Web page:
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Working with Adolescent Athletes

Submitted by on April 15, 2009 – 10:36 amNo Comment

When working with a teenage (adolescent) athlete, the very first thing I ask them is “how much have you grown in the last year?”.  Here’s why…

The peak muscle growth takes place about 1 year after the adolescent male has his peak skeletal growth rate.  So basically their muscles and fascia are being stretched from the inside of their body like an internal torture rack!  Decreased flexibility from growth spurts will invariably lead to hamstring and low back strains, and tendonitis in the achilles and patellar tendons.

How can we help with massage?  First with slow, broad myofascial release in the fiber direction of the muscles and connective tissue.  By applying a broad, sustained force on the connective tissue, it will trigger a deformation of the tissue to a new resting length.  I will work the structures involved with the client’s complaint, but will also include work on the thoracolumbar fascia, obliques, lumbar erectors, quadratus lumborum, and glutes.

Once we have achieved a release of the tight myofascia, I recommend gentle stretching to improve overall muscle resting length.  Key muscles to stretch are the gluteus maximus and medius, hamstrings, hip flexors, adductors and quadriceps.  Improving flexibility in these muscles will free-up the pelvis and remove tension off the low back.  Keep in mind they will be very stiff at the beginning, and stretching will probably feel uncomfortable.  I prefer a mixture of gentle muscle energy techniques and static stretching to keep the discomfort to a minimum.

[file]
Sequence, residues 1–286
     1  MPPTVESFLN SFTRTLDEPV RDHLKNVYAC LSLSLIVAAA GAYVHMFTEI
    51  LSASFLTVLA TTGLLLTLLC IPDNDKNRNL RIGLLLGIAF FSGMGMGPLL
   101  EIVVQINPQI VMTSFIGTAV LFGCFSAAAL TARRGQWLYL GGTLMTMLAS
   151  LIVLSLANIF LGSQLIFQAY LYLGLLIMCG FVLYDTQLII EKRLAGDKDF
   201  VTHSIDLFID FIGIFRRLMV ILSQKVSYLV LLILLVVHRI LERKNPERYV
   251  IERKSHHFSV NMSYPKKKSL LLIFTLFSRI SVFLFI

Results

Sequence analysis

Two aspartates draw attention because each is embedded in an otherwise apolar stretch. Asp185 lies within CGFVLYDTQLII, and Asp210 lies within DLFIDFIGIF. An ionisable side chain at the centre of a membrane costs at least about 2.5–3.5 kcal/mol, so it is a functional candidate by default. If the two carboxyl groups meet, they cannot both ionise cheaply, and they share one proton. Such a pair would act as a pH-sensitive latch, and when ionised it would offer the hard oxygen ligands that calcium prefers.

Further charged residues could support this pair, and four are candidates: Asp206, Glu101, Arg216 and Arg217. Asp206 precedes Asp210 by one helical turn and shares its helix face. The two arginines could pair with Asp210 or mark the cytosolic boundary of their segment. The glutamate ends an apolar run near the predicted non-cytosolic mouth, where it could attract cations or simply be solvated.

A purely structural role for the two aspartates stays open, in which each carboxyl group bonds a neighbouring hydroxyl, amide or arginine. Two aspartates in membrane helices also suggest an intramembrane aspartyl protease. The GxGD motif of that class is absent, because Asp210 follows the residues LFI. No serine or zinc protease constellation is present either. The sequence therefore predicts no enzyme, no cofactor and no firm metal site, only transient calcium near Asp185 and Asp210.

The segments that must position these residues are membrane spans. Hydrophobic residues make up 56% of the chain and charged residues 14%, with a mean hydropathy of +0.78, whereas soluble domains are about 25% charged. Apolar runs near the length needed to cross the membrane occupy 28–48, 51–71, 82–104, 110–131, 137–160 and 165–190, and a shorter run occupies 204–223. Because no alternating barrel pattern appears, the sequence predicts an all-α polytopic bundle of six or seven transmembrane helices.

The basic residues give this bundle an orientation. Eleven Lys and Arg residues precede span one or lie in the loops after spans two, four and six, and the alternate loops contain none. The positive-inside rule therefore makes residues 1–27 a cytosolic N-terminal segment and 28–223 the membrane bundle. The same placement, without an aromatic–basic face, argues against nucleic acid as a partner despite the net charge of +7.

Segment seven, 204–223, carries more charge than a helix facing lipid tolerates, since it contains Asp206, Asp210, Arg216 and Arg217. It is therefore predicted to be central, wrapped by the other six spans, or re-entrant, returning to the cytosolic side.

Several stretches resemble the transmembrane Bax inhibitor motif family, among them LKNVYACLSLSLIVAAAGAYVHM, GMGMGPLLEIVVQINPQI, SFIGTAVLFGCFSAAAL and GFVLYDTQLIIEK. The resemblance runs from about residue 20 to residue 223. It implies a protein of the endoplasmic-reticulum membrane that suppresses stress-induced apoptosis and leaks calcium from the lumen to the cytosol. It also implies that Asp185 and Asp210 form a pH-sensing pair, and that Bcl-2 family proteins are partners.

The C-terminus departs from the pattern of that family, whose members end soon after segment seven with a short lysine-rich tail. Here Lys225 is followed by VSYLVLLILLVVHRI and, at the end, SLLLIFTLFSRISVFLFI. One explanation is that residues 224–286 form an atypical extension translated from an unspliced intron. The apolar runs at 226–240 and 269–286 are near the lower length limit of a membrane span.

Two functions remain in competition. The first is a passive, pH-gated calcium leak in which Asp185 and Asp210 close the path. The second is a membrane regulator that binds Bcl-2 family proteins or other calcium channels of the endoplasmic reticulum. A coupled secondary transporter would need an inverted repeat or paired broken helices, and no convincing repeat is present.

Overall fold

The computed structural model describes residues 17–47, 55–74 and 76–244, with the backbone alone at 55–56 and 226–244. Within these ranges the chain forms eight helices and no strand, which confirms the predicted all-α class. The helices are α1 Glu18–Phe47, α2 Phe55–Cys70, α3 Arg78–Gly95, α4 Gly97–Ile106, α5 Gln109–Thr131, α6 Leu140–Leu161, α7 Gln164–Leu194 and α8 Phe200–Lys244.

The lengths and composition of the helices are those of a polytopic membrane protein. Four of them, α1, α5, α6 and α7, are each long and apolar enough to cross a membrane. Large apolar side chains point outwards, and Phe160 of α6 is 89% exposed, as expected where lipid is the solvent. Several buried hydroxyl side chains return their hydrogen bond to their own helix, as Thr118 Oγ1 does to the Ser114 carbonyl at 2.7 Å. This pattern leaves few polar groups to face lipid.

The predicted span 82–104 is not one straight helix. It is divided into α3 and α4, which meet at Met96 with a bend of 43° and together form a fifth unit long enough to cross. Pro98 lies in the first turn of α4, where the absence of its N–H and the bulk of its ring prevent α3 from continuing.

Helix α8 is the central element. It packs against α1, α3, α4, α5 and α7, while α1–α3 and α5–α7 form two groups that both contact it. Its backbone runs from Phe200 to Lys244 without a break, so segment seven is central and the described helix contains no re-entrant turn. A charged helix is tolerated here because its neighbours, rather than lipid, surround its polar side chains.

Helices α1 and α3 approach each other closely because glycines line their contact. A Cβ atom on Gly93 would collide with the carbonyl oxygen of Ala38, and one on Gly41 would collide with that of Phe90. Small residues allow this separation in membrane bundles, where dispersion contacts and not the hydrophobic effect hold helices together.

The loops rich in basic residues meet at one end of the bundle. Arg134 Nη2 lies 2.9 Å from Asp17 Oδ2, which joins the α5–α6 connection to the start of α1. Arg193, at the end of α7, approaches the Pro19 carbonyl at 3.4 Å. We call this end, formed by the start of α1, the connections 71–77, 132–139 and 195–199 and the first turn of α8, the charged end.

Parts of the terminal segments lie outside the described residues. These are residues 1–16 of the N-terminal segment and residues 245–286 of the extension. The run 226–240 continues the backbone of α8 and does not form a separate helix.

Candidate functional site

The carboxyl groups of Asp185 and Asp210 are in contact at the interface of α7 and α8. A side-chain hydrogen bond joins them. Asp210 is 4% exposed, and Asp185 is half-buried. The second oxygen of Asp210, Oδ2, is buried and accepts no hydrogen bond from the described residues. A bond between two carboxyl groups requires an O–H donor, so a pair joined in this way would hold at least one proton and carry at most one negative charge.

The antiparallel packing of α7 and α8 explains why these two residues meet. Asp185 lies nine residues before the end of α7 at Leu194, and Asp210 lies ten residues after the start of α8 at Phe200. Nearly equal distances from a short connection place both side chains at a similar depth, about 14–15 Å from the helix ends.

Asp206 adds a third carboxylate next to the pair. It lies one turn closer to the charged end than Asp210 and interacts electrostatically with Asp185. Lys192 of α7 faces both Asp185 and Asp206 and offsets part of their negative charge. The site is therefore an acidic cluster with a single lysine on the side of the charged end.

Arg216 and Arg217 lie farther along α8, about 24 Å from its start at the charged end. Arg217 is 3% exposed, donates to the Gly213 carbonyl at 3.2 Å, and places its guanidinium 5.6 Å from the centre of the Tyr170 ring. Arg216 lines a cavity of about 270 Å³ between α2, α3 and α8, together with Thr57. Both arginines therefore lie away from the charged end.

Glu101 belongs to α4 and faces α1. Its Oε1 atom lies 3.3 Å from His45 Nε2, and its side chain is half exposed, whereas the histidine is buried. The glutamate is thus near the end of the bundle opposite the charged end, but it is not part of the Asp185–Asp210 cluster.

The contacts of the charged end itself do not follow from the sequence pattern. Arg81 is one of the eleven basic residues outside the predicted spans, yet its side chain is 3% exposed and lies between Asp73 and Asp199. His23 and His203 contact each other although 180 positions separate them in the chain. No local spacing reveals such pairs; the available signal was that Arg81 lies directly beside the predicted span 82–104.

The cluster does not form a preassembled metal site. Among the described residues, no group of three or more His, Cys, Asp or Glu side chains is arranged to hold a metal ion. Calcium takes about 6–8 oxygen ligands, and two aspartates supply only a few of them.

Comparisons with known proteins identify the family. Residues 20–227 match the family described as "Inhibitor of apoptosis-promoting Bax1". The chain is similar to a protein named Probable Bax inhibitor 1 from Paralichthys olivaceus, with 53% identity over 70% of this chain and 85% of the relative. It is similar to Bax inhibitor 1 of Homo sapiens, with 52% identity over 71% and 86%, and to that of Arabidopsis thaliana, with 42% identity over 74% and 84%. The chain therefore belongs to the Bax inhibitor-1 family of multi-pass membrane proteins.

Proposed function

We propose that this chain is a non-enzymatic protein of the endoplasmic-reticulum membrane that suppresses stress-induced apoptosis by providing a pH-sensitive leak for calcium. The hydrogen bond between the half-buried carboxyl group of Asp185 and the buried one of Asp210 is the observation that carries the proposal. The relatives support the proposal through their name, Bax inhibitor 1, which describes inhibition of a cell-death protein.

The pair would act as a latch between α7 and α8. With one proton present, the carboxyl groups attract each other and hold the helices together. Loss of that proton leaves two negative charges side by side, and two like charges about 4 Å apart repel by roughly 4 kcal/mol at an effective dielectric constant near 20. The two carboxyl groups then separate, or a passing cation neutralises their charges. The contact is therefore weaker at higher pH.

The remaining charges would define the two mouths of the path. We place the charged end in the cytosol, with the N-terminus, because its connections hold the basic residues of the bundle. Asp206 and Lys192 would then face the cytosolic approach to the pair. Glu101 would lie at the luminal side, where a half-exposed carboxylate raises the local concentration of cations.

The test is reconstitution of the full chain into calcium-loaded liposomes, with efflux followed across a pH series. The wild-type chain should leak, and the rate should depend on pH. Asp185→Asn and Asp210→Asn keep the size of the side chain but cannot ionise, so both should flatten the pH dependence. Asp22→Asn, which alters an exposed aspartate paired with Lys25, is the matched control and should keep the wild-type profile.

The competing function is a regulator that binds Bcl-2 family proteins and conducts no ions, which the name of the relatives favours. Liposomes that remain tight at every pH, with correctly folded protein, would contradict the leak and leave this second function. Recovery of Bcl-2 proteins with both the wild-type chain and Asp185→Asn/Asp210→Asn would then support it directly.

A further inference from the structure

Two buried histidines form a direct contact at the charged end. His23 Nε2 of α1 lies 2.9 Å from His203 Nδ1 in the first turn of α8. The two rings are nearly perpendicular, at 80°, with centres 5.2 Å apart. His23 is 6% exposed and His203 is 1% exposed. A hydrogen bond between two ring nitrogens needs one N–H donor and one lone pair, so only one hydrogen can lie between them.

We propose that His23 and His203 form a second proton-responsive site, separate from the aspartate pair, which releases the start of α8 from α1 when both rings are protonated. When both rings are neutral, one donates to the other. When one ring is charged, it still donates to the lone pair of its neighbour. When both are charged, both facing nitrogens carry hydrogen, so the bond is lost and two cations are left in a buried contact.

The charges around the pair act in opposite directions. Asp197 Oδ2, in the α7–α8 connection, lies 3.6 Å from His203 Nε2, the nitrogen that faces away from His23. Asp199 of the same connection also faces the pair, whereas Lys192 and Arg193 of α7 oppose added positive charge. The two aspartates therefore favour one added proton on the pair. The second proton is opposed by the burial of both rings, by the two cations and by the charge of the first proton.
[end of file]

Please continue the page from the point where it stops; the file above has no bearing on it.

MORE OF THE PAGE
Be patient with the progress.  You will often find a client who has grown 4-6 inches in less than a year.  The muscles will catch up and you can help reduce their discomfort and chance of injury along the way.


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